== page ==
There's more to the motor city of Maranello than just the Ferrari museum
Sure you’ve heard about the Ferrari factory at Maranello. But, there’s more you could do once there. Instead of telling you what to do, here are five things that you shouldn’t do when you visit the home town of the prancing horse.
1) Don’t rush through the museum: Ferrari never built too many cars, but they did build the best. You could ogle at the 250 GT0 SWB, the 365 GTB4, the F40, the Enzo and the FF in the Granturismo hall all day. Racing, as a big part of Ferrari’s history, rears its pedigree in the "Hall of Victories" where you can catch all the Schumacher-era cars. There is also a collection of the winning silver from over the years, and a replica of Enzo Ferrari’s office. But the best part about the museum is how up close you can get to all these cars and truly appreciate the detailing and the changes that transpired over the past 60 years of this marquee.
2) Don’t get your hopes up for the factory tour: For another 13 Euros, Ferrari offers you a tour of the factory and the Fiorano test track. Essentially this is your big chance to go through the hallowed brick walled gate and onto the Ferrari campus, without being a Ferrari customer. But don’t get too excited about this because you only get to see the factory from the outside. As for visiting the famous proving ground, well that’s a bit of a lottery too. You see, you can only get on it if the track is not in use. Else you get a peek at the tarmac from the side walls. Oh, and you do all of this on a bus that you never get out of. Yet, I still recommend you take the tour. Just remember to say your prayers to the engine gods the night before.
3) Don’t leave Maranello too soon: The museum and the factory tour shouldn’t take more than half a day, but after that there’s still a bit more you can do. Maranello is an industrial town, but it’s an industrial town that’s painted scarlet. There are places here that you could rent a Ferrari (100 euros to drive a F430 for 15 minutes). Also if you are a souvenir hunter, you will run out of time before you run out of shops. Books, scale models, clothing, accessories, art, and pretty much anything that could count as memorabilia are available here. The good thing is that these shops aren’t selling exclusively Ferrari stuff, but that doesn’t mean you won’t jeopardise your savings. And if the shopping doesn’t take your fancy, just take a walk through town. It will take you about 30 minutes to walk through the shopping district, with almost every shop displaying some sort of queer Ferrari artefact. I spotted a laundromat that had a nose cone from Jean Alesi’s Formula One car.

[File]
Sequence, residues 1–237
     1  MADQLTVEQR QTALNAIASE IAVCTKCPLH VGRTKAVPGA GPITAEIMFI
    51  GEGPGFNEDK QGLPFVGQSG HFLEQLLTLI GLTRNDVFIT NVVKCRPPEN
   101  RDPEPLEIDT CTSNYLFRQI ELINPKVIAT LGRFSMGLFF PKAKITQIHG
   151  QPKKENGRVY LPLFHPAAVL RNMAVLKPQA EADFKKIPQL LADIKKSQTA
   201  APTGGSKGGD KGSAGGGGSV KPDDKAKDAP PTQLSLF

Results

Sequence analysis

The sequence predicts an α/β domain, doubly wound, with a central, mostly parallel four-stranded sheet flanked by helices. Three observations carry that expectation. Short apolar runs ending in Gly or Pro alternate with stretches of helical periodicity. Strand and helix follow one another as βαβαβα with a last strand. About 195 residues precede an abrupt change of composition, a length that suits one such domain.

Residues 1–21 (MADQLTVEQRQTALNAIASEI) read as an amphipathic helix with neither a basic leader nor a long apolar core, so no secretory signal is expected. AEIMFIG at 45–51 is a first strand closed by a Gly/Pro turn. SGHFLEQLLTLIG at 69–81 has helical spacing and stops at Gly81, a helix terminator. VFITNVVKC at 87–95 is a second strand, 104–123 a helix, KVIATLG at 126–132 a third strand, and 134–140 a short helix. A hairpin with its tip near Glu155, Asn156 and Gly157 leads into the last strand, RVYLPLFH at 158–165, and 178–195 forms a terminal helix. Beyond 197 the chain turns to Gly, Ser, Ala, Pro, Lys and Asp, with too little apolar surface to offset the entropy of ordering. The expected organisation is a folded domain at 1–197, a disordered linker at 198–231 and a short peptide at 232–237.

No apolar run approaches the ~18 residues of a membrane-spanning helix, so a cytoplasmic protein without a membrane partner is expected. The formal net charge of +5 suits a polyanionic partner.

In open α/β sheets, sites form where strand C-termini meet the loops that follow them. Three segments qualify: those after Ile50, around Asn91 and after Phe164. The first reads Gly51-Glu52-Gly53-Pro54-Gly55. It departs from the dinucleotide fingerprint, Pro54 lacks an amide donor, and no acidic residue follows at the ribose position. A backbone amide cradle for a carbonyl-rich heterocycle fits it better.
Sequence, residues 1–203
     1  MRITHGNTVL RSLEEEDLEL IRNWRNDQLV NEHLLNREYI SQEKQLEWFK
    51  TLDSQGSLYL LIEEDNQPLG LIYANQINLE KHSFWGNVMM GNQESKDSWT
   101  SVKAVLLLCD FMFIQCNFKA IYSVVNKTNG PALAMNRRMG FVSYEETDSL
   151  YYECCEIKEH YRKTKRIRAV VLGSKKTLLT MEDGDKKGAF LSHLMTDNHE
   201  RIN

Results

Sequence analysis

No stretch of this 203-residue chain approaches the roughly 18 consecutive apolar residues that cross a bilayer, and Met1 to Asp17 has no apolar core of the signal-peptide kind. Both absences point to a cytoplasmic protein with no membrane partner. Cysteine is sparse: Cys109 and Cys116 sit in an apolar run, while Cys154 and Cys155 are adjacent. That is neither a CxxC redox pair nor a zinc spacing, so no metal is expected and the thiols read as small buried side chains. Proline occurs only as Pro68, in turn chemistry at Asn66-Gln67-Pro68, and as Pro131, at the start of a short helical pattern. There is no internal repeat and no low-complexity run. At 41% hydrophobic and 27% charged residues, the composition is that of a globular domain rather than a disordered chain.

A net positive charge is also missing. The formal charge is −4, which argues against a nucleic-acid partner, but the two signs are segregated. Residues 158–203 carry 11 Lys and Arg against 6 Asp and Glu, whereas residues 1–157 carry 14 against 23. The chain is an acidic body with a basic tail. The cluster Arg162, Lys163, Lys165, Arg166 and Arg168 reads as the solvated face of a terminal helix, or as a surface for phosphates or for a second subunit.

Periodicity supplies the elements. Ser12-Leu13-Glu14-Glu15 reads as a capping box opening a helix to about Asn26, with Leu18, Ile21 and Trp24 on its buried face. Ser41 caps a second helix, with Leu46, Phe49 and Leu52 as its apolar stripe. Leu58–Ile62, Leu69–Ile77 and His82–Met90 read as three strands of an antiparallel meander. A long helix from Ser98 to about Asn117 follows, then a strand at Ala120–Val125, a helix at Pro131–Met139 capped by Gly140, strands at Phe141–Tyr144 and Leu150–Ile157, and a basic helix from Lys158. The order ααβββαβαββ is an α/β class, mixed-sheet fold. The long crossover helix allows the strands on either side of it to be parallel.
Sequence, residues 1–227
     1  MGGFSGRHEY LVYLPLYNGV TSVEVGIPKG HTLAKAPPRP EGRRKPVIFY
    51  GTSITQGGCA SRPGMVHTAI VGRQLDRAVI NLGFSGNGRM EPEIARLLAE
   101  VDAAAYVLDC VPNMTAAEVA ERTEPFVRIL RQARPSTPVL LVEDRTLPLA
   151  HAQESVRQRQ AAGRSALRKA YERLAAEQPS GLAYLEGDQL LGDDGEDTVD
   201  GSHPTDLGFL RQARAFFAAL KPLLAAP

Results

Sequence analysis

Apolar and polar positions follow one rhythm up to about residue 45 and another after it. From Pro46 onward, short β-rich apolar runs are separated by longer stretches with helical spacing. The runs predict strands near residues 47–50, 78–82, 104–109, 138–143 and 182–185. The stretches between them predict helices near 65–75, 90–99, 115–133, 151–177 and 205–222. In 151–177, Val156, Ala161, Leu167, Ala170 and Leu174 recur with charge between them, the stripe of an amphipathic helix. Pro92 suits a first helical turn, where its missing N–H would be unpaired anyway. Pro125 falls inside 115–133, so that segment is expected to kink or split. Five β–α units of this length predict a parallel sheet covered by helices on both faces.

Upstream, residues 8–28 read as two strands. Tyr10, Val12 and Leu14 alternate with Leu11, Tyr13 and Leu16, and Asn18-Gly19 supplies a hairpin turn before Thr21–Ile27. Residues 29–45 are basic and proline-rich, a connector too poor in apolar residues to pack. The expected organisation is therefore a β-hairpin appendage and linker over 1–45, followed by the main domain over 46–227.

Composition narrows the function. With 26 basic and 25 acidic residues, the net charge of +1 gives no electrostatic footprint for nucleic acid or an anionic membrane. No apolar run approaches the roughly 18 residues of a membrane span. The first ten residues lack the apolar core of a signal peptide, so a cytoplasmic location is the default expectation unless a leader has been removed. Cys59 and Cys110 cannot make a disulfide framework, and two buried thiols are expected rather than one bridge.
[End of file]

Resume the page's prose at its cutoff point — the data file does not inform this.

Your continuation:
4) Don’t get there by public transport: Trains and buses in Europe are as convenient as shooting yourself in the foot. So I strictly suggest you drive to Maranello. A half decent rental car (Fiat Panda or similar) shouldn’t cost you more than 30 euros a day, and Google maps will get you there without breaking into a sweat. Road signs aren’t an issue, and Maranello is just under three hours from Milan. Besides, having a car sets you up nicely for point no 5.
5) Don’t forget Sant‘ Agata is just next door: If you didn’t know that Lamborghini was just down the road from Ferrari, you really need to read up on your supercar history. Anyway, the raging bull also has a museum, but it’s a little, er, disappointing. Then again Lamborghini doesn’t have the racing heritage of Ferrari, and they only made very few production cars. Having said that, when was the last time you saw a Miura, a LM002, a Countach and a Diablo all under the same roof? If you ask me, I would travel to this museum just to see any one of those cars. Also, this doesn’t have to be the end of your tour to Modena because Maserati, Pagani and Ducati are all around the corner too. Now, how’s that for a motor city?
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